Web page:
Were Labor Unions Justified?

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< Labor Unions: Were They Justified? >

In the late 19th-century, a new theory in the field of business and production was emerging. Most commonly known as ‘Social Darwinism’, it was a parodical twist of the Darwin theory of natural selection, or the ‘survival of the fittest.’ The corruption and the dark sides of business were accepted as a natural process, and was not questioned or intervened. In a full-fledged Industrial Age, the average American citizen had to try his best to rise from his ranks in order not to be labeled as lackadaisical and inferior.

On the outside, the industry-based society seemed to be an improvement from the agrarian one that the United States had before. However, in the inside of the factories, unspeakable dangers and back-breaking toil were constant threats to the workers, some young as 6 or 7 years of age. The biggest contributor to this increase in abuse was the steel mills, textile factories, and meat-packing industries. Long hours in cramped, unsanitary, and highly dangerous spaces, and not enough salary to compensate for them were the biggest concern and the source of anger in the workers. The beginnings of a union was formed in the late 1700s, but there was no radical change until the year 1866, when an official union called the NLU (National Labor Union) was formed. So, the dismal working conditions and proactive workers were the origins of the first official labor union.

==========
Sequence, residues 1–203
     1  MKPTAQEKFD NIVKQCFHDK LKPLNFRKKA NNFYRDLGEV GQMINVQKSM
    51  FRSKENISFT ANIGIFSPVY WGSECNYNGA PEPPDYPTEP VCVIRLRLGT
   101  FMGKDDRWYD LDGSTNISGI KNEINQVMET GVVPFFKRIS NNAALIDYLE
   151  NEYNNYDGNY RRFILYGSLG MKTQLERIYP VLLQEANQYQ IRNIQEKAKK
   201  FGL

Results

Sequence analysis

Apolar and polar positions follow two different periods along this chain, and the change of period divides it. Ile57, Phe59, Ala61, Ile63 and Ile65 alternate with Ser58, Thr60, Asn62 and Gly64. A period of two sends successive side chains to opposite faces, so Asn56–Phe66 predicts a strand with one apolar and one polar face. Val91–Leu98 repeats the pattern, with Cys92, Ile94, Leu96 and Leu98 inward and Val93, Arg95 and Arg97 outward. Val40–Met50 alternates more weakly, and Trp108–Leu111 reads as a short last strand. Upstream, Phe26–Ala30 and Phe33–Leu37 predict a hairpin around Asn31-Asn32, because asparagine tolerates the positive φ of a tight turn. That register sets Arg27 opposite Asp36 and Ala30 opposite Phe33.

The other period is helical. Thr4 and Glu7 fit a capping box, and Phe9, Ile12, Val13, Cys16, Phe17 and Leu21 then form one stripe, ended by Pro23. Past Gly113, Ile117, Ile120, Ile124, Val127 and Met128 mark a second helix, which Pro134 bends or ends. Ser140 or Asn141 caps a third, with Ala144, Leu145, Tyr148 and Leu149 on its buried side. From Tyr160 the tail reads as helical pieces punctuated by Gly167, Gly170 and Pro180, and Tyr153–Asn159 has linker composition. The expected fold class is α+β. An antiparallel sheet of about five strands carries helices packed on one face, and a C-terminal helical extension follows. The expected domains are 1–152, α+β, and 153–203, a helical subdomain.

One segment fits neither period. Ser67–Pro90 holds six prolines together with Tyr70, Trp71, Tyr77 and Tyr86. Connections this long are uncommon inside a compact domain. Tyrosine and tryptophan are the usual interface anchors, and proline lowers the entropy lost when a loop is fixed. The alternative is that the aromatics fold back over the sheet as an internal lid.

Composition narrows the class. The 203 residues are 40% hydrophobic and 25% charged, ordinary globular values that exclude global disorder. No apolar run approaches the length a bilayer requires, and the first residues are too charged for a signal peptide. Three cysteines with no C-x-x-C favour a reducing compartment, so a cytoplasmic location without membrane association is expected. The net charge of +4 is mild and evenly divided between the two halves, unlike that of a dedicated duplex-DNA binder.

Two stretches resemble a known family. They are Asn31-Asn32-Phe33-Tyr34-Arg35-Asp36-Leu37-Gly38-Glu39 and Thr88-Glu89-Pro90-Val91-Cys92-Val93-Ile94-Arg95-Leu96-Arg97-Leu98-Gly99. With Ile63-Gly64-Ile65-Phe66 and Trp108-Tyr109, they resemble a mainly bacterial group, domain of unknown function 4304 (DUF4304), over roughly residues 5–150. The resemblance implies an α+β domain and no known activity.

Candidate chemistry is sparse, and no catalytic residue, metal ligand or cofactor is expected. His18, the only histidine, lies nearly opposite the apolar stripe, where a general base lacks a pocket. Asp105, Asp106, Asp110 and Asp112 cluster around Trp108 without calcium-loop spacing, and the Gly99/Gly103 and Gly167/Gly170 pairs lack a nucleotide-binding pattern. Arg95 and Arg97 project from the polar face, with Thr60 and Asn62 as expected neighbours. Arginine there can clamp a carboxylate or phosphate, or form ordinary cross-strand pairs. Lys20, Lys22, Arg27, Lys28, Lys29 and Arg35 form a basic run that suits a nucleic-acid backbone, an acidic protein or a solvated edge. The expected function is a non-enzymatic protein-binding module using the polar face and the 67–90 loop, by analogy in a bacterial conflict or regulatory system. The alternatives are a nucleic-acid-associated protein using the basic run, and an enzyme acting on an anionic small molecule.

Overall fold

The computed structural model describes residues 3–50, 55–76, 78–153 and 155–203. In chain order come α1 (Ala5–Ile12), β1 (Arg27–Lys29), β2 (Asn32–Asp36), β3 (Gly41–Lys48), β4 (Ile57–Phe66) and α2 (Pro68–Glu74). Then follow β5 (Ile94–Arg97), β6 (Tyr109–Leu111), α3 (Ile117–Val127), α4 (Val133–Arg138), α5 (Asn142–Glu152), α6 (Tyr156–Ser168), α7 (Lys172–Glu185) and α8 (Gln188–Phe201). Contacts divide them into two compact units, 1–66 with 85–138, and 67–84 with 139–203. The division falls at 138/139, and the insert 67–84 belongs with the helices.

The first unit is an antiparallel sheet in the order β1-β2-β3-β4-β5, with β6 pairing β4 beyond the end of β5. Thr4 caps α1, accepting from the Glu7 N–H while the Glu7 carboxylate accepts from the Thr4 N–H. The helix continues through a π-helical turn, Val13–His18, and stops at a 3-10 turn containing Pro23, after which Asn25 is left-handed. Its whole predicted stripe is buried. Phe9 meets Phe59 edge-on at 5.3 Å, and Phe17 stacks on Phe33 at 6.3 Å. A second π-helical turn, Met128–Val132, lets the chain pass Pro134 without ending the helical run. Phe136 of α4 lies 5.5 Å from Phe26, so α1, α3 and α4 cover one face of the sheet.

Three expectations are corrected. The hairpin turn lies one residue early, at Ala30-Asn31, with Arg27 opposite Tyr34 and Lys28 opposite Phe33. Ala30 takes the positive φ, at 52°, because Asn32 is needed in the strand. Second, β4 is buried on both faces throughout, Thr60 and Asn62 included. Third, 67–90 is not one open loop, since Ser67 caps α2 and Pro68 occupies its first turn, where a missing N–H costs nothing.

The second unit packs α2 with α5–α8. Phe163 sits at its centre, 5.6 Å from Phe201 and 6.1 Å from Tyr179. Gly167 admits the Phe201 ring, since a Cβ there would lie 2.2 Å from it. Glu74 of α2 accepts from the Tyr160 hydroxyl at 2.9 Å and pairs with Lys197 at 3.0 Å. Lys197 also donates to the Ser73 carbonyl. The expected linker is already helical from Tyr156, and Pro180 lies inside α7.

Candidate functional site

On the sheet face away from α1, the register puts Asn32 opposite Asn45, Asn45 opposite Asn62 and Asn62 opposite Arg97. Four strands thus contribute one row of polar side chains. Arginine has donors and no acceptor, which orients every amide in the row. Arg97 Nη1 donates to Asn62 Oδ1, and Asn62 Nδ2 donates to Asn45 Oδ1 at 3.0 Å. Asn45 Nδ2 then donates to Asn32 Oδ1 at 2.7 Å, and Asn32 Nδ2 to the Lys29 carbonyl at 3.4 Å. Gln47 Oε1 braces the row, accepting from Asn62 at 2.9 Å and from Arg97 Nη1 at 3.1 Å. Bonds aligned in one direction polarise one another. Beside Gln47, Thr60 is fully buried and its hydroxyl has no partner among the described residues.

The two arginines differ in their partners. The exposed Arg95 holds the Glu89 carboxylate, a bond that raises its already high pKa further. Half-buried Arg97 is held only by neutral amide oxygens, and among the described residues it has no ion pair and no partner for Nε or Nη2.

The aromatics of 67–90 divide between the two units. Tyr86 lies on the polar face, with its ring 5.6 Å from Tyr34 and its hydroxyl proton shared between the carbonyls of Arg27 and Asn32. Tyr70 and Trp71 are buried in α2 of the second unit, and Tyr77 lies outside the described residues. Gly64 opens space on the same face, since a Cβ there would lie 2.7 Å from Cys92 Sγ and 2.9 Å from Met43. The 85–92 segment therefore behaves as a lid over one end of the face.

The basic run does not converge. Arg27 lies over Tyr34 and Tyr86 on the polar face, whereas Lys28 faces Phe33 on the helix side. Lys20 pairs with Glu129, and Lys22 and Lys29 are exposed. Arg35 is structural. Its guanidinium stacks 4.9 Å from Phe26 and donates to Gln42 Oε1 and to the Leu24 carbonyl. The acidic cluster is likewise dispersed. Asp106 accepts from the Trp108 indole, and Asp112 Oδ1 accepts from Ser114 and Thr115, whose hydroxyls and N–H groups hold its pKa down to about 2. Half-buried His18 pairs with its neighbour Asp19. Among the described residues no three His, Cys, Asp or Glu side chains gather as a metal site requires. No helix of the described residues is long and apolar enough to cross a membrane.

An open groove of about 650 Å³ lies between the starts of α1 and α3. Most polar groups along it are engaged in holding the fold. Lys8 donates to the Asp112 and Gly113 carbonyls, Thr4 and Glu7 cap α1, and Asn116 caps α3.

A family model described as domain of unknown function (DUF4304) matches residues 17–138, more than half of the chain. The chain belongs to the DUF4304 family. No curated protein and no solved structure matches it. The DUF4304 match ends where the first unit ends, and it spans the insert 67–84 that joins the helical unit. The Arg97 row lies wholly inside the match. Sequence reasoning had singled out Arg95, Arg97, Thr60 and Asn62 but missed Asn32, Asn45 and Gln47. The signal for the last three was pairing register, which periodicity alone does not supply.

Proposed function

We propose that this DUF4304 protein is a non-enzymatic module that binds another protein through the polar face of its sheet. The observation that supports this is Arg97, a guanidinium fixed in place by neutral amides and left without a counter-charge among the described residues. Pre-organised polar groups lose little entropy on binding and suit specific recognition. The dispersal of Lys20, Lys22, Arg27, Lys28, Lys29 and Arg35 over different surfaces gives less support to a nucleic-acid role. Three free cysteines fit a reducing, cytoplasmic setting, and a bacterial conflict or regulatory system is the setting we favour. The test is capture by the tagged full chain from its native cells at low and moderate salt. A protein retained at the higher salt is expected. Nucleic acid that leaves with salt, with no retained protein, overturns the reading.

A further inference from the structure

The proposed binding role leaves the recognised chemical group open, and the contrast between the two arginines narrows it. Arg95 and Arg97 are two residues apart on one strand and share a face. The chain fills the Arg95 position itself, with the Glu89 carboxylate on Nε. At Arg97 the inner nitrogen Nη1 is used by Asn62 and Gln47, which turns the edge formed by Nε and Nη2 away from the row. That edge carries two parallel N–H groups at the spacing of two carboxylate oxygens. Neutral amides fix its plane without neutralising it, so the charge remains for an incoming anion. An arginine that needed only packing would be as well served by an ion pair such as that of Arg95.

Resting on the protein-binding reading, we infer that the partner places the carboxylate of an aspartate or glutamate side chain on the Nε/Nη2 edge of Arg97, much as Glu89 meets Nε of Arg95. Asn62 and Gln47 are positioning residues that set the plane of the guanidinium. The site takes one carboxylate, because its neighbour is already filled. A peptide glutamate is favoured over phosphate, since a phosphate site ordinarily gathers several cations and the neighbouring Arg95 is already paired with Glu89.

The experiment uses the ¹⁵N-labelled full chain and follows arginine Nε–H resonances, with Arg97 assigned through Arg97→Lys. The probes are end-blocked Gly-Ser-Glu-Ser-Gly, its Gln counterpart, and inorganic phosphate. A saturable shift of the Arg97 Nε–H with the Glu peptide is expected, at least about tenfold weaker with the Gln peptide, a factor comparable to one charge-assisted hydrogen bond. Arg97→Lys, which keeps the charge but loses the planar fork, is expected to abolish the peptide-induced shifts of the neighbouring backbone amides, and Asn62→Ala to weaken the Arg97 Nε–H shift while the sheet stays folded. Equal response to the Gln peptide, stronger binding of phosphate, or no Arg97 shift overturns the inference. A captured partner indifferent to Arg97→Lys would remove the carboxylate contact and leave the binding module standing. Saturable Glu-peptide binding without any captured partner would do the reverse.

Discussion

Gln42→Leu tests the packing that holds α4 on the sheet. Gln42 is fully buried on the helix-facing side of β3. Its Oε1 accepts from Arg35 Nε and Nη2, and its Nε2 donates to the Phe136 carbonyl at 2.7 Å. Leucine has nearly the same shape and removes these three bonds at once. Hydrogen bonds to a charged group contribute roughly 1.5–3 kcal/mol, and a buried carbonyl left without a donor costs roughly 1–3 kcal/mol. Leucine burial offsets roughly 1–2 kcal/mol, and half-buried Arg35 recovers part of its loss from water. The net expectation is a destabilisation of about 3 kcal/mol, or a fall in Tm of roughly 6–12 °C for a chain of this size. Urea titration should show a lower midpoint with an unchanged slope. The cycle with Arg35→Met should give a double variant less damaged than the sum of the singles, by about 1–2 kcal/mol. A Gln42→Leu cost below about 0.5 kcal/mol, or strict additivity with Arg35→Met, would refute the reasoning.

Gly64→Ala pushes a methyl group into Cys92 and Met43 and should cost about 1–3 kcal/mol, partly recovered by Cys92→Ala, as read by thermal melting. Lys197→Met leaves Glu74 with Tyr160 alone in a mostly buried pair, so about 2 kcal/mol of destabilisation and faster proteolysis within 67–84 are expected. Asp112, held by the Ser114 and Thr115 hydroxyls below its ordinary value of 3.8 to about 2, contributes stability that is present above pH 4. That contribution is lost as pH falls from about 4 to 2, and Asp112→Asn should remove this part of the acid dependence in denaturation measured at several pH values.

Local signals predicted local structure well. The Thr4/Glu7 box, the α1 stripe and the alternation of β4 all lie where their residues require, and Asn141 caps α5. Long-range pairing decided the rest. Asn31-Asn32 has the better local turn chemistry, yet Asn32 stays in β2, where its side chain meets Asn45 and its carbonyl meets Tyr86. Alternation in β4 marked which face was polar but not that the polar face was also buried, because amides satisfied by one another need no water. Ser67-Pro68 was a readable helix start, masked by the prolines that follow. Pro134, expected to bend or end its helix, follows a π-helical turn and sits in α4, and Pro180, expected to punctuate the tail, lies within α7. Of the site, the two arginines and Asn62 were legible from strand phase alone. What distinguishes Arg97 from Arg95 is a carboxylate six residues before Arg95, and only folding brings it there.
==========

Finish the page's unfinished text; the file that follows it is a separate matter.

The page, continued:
The labor union was justified and was a good decision to help the majority of the society at that time. The National Labor Union was useful in balancing the market power of the big corporations and individual workers. By demanding better working conditions, wages, and personal benefits, the labor unions were able to lessen the corporations’ powers, and represent themselves.
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